- Greenstuff molds (for making chainmail, ropes, chains, etc…)
- Epoxy adhesive (very strong and dries clear for some very interesting model options like magic weapons/spells and water/ice)
- Materials for basing (which I'll probably cover in a different article).
With all your supplies, now what?
3. Find the miniatures and extra bits you need
Obviously we will need the minis we're going to be converting. It easiest to start with the actual miniature you intend the final product to represent, but this doesn't always have to be the case.
Based on your original idea, get the minis that will best suit your planned outcome; it would be more difficult to convert actual slaves to darkness minis into our regal servants of the dark gods as mentioned earlier, so we could look elsewhere for good starting models that fit our theme; Stormcast Eternals would convey the heavily armoured aspect of chaos warriors but with the higher class aesthetic we are aiming for.
If you start looking across the entire catalogue available, you will find the look you want somewhere (just keep in mind model and base size as varying from this too much may land you on the receiving end of accusations of modelling for advantage).
But how would we make our sequitors look like chaos warriors? This is where our bits boxes come in; using assorted bits collected over the years (or buying individual bits online, they are out there), you can greatly alter the appearance of your models.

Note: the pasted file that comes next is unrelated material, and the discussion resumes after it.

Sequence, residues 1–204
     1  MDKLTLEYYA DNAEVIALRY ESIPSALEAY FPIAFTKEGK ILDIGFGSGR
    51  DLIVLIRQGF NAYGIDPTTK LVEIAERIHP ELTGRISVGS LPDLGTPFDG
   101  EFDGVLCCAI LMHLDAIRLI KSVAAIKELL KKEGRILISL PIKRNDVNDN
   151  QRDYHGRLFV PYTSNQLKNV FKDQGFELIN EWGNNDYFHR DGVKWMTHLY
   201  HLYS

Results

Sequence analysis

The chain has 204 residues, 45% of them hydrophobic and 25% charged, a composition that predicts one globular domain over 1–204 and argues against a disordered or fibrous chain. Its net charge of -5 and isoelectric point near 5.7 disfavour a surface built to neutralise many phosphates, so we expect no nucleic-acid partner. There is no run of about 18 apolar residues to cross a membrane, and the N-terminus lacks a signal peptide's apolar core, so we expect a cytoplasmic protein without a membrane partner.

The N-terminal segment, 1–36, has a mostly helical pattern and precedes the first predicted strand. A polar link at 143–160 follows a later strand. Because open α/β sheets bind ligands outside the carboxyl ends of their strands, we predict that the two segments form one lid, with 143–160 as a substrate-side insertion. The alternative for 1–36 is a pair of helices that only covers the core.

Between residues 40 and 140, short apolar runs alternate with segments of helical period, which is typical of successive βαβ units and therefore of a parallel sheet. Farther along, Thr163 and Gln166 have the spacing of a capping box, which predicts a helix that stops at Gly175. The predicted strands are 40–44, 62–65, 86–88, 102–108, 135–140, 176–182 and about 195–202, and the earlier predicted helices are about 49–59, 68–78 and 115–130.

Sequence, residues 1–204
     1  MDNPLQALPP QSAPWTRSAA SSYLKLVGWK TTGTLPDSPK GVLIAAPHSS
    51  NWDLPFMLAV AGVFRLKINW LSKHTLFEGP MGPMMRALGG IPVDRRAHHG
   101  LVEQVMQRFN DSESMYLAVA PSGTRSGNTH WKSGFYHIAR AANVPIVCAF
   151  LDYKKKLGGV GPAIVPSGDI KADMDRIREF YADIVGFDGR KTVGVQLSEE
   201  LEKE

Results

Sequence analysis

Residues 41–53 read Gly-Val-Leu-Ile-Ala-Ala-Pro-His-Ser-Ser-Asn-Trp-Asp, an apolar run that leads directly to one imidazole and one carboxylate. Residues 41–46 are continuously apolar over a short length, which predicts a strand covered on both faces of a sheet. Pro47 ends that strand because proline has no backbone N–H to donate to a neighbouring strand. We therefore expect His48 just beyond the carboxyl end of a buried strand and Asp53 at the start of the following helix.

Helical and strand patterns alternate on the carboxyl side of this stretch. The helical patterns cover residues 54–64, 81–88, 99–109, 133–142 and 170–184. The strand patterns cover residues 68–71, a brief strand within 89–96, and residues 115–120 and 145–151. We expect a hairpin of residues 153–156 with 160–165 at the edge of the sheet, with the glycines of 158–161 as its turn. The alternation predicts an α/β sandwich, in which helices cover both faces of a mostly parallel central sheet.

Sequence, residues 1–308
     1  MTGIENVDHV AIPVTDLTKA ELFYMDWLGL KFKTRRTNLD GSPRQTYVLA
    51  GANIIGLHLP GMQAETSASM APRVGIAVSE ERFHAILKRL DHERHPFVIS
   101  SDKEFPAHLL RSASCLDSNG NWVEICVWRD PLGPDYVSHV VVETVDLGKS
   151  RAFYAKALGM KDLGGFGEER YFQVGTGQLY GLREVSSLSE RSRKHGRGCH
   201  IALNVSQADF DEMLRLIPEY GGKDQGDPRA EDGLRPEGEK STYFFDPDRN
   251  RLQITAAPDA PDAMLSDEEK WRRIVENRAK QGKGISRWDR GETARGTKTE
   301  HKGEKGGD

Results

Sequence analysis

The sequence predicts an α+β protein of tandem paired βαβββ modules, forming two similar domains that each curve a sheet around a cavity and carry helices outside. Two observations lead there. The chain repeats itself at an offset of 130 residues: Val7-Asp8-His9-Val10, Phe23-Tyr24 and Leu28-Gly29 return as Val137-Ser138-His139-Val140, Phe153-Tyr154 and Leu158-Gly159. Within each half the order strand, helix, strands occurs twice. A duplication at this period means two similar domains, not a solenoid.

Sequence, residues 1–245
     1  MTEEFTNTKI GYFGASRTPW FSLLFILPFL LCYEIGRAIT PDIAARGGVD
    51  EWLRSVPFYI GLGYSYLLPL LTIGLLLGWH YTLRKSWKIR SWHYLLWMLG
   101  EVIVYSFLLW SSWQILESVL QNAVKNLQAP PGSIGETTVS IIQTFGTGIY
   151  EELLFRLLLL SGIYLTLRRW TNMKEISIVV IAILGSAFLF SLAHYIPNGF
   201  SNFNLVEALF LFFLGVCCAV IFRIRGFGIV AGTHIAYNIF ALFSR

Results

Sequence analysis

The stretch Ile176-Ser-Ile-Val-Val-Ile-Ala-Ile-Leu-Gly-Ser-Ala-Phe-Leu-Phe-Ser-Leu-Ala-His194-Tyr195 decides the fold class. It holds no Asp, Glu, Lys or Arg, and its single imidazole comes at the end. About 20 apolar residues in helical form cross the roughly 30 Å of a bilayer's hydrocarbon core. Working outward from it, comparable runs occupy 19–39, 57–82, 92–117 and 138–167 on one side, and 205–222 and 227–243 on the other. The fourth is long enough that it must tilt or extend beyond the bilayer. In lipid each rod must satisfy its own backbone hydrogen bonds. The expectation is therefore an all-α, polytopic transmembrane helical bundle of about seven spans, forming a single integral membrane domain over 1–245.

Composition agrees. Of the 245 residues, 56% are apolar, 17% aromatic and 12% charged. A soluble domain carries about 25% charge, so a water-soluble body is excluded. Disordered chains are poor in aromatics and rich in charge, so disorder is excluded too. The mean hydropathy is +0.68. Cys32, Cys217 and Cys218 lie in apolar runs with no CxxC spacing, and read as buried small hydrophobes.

So based off your planned aesthetic/theme, start sourcing the models and extra bits you may need. It helps to start looking at minis not as completed models but a collection of bits with which you can build whatever your imagination leads you to.
If you are completely new to conversions, ask your hobby-friends if you can dig through their bitbox for something to borrow.
4. Start by testing out a conversion
So you've picked up a unit box and found some cool bits from other kits… now what?
Start with one model and dry fit before gluing taking note of the way the new joints will fit together. There will undoubtedly be some extra cutting, filing and/or filling required as not all bits mount the same way.
When starting a project like this, I will often begin with a cheap hero or unit to check not only if I can make it work but if the pieces will come together the way I want them to while achieving the desired aesthetic.
To truly get original and unique looking forces, you'll need to abandon all notions of what you “can and can't do” with a model.